Rituximab (Rituxan) Archive
There are currently no effective treatments for people with secondary-progressive MS who do not experience relapses or who do not have “active” lesions on MRI, however researchers at the National Institutes of Health in Bethesda, Maryland are evaluating the safety and effectiveness of Rituximab (trade names Rituxan and MabThera) – a new experimental drug for treating MS. In this study, Rituximab be delivered intravenously and directly into the cerebrospinal fluid by lumbar puncture of about 80 people with secondary-progressive Multiple Sclerosis. The study is funded by the National Institute of Neurological Disorders and Stroke.
Technically, Rituximab is a genetically engineered chimeric murine/human monoclonal antibody directed against the CD20 antigen found on the surface of normal and malignant B lymphocytes. The antibody is an IgG1 kappa immunoglobulin containing murine light- and heavy-chain variable region sequences and human constant region sequences. Rituximab is composed of two heavy chains of 451 amino acids and two light chains of 213 amino acids.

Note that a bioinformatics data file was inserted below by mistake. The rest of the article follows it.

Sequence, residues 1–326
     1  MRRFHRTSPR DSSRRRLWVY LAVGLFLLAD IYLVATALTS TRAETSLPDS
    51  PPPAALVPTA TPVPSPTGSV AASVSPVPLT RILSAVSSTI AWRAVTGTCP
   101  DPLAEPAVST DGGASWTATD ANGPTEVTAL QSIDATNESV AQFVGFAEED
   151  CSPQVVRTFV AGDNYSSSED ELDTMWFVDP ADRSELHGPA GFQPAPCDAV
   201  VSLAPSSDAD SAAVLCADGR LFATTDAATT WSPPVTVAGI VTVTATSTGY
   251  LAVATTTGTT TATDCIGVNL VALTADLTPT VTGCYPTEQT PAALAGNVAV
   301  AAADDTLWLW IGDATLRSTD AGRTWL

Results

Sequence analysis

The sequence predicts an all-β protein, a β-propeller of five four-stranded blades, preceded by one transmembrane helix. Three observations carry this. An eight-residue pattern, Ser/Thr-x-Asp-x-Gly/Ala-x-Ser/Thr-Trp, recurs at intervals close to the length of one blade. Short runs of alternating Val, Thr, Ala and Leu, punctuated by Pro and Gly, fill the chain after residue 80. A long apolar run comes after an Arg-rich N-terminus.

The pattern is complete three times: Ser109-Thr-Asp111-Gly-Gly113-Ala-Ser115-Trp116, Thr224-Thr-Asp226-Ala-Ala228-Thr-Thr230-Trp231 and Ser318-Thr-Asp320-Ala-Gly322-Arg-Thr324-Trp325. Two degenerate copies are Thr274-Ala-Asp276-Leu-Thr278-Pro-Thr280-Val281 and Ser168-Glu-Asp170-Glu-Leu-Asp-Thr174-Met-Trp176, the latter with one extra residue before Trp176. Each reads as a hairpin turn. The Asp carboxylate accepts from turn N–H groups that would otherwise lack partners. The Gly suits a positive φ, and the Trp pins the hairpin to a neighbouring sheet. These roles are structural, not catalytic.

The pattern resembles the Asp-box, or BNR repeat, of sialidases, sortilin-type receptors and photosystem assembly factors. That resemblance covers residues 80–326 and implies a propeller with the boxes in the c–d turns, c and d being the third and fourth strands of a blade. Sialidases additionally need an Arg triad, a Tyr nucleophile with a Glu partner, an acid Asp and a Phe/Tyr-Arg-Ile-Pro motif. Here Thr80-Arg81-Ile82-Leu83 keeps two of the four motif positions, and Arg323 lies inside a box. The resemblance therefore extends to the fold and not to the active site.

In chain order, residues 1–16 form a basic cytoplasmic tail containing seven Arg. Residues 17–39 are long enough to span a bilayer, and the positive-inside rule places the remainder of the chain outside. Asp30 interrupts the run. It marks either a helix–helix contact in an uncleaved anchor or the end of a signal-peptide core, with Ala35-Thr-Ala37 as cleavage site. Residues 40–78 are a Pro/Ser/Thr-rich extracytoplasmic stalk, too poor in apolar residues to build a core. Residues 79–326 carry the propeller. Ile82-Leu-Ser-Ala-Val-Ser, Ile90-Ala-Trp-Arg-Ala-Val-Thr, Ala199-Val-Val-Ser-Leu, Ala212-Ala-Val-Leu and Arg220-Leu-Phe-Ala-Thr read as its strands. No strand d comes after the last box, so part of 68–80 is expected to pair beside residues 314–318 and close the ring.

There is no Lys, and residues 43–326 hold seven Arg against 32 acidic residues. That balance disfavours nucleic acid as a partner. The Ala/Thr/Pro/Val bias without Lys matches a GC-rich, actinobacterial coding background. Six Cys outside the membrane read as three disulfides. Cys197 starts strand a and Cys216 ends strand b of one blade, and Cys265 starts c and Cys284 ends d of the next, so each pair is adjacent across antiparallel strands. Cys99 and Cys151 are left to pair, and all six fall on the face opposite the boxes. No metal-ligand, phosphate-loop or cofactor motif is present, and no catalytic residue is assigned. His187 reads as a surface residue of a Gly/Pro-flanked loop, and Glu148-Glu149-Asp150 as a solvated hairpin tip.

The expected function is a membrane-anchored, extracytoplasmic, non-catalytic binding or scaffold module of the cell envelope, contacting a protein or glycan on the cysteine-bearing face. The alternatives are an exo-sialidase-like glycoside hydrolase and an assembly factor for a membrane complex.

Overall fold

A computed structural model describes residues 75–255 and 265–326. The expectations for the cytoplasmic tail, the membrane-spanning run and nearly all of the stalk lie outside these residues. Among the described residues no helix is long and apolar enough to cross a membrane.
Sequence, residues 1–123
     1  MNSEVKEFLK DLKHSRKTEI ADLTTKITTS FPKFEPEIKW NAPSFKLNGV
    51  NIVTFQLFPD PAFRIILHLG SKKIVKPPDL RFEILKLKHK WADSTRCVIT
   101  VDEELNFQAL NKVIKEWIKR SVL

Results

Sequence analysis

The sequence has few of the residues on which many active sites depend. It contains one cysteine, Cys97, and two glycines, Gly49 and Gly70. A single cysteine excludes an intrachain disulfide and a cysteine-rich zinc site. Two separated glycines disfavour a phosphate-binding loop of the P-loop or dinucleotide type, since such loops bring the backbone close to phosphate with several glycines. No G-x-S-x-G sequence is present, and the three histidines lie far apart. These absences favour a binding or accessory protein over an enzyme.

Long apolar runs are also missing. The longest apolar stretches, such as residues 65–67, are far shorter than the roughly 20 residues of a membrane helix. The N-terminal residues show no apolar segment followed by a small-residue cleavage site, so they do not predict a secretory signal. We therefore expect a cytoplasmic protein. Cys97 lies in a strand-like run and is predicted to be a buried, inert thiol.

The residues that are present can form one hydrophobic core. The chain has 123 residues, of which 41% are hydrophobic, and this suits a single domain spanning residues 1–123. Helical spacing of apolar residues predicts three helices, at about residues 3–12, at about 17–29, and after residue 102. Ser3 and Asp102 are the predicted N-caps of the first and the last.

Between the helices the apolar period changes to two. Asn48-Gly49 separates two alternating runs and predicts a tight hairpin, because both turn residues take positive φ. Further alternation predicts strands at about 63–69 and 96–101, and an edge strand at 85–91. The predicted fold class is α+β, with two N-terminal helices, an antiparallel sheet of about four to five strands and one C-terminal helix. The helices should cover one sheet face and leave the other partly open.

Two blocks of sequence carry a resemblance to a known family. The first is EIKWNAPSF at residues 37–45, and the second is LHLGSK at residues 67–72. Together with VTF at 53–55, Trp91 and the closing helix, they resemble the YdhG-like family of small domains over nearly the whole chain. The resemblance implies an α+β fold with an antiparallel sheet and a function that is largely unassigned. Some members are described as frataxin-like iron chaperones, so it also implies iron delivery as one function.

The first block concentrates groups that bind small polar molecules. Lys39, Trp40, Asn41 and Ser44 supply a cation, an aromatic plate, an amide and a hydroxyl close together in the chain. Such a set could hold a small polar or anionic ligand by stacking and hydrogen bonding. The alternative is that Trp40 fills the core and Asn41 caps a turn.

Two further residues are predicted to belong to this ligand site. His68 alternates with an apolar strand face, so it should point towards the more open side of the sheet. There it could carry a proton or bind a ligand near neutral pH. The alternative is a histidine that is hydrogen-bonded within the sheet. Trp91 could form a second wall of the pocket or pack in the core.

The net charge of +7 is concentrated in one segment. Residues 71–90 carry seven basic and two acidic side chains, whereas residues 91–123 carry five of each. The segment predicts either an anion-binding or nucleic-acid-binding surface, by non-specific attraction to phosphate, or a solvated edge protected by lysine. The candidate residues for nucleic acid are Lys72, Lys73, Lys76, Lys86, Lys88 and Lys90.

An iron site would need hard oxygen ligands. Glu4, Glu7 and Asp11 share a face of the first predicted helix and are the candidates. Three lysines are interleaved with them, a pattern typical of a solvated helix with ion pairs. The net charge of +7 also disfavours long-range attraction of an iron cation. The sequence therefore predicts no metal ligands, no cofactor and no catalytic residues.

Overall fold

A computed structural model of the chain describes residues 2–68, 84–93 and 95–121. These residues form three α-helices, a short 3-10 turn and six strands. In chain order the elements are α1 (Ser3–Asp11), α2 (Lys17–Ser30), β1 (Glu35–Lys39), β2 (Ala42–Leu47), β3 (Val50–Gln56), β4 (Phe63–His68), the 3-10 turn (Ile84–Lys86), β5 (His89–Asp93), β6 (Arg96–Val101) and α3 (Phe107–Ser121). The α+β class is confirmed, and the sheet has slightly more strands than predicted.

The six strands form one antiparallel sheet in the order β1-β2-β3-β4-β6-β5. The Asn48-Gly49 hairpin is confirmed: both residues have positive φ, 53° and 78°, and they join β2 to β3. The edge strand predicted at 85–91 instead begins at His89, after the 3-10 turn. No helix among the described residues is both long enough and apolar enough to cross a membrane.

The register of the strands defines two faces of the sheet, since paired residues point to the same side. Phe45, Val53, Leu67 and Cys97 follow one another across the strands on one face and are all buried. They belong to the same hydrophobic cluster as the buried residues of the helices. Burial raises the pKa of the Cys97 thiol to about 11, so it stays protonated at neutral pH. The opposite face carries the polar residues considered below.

Since MS is an inflammatory disorder that progressively weakens and destroys the pathways of the nervous system. There are currently no effective treatments for people with secondary-progressive MS who do not experience relapses or who do not have “active” lesions identified via MRI.
Under normal conditions, the blood brain barrier separates the brain and spinal cord from the bloodstream and limits what can gain access to the nervous system. In active stages of MS, inflammation in the brain and spinal cord leads to breakdown of this barrier. This breakdown allows MS medications to reach the brain and spinal cord without being screened out. In people with secondary-progressive MS who do not have “active” disease, the blood-brain barrier is intact. Drugs that could stop the inflammation simply cannot reach the areas of the brain and spinal cord where they are needed.